This is just an artifact of how
lsblk displays devices composed of multiple parts.The total size of
centos-root LVM logical volume is 150G, but analyzing exactly how much of it is physically located on
sda2 and how much on
sda3 would require investigating the LVM mappings in detail, and apparently
lsblk does not analyze LVM constructs quite that deeply.
The sum of the current sizes of
centos-home seems to be 199G, which is exactly the sum of the current sizes of
sda3 as well.
You would see the same effect with software RAID0 or RAID5 sets. Using
lsblk -s to show first the filesystem-containing constructs and then a breakdown of physical devices they're composed of might be an enlightening alternate view here.
You should use
parted to expand
sda3 instead, since that's the partition that is physically located next to the free space. On older RHEL/CentOS versions you might have needed
partprobe /dev/sda3 to tell the kernel to re-detect the partition size, but modern partition sizing tools should handle that automatically for you.
The next step would be
pvresize /dev/sda3 to automatically expand the LVM PV to match the new size of the partition it's located in. This will give you free space in the LVM volume group (viewable with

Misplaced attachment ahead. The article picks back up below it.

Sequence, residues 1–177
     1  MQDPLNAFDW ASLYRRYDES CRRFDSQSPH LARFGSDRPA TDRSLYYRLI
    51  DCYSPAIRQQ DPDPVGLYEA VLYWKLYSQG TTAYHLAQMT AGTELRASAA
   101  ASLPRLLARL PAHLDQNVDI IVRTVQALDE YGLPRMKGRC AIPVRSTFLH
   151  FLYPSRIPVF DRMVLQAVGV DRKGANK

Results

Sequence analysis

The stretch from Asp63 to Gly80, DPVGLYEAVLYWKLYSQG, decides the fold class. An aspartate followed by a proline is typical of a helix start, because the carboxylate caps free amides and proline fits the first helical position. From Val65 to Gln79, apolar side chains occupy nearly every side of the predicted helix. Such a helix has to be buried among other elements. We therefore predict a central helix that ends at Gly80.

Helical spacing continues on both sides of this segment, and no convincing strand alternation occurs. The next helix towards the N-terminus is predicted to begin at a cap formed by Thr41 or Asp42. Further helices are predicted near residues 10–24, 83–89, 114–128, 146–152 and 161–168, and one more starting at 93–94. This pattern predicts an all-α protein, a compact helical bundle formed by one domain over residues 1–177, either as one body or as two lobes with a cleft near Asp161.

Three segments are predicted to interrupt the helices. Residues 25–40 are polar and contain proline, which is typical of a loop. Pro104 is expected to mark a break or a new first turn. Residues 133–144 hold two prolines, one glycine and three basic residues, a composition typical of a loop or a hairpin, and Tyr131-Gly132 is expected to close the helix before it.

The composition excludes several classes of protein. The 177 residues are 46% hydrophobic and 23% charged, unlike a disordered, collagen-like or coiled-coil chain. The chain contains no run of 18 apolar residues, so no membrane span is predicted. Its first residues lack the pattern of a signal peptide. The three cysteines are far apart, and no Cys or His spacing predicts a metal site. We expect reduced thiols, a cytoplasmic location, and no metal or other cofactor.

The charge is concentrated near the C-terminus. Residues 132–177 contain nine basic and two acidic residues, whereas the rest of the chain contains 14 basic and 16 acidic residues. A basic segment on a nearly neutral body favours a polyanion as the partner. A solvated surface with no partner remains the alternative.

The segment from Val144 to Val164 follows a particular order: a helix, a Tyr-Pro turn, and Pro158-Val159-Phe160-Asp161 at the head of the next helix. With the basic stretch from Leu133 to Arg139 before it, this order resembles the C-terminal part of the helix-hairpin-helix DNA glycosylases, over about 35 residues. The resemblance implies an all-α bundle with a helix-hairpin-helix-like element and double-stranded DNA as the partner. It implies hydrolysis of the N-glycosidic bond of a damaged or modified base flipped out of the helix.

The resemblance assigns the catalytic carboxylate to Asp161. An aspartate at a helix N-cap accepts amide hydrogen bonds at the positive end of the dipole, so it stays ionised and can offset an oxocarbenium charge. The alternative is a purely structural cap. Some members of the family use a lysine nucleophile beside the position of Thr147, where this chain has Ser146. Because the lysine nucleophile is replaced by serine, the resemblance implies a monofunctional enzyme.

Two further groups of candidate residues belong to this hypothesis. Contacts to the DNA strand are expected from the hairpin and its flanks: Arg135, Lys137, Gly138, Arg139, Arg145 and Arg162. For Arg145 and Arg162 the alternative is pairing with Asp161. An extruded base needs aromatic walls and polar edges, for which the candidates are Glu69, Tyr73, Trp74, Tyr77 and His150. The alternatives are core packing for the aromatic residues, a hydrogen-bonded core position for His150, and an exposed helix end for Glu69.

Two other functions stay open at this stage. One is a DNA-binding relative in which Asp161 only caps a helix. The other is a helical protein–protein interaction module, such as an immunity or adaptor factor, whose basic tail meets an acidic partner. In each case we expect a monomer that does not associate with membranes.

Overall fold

vgdisplay), which you can then use to extend your existing logical volumes or to create new ones.
For example, to add 20G of the added space to your
/home filesystem, you could do:
lvextend -r -L +20G /dev/mapper/centos-home
-r option (available in CentOS 7 and newer) the filesystem will be automatically resized with the LV.
/boot filesystem seems to be XFS, I think I don't need to worry about CentOS 6.x and older.)
If you feel antsy about resizing existing partitions (old school), you could also use the new space to create a new partition
parted or similar), set its type/flag to
lvm, and then initialize it for LVM use and add it to your existing
centos volume group:
vgextend centos /dev/sda4
After this would be the
lvextend step as above.
The end result is slightly aesthetically less pleasing than having the existing partition extended, but there should be no measurable difference in performance.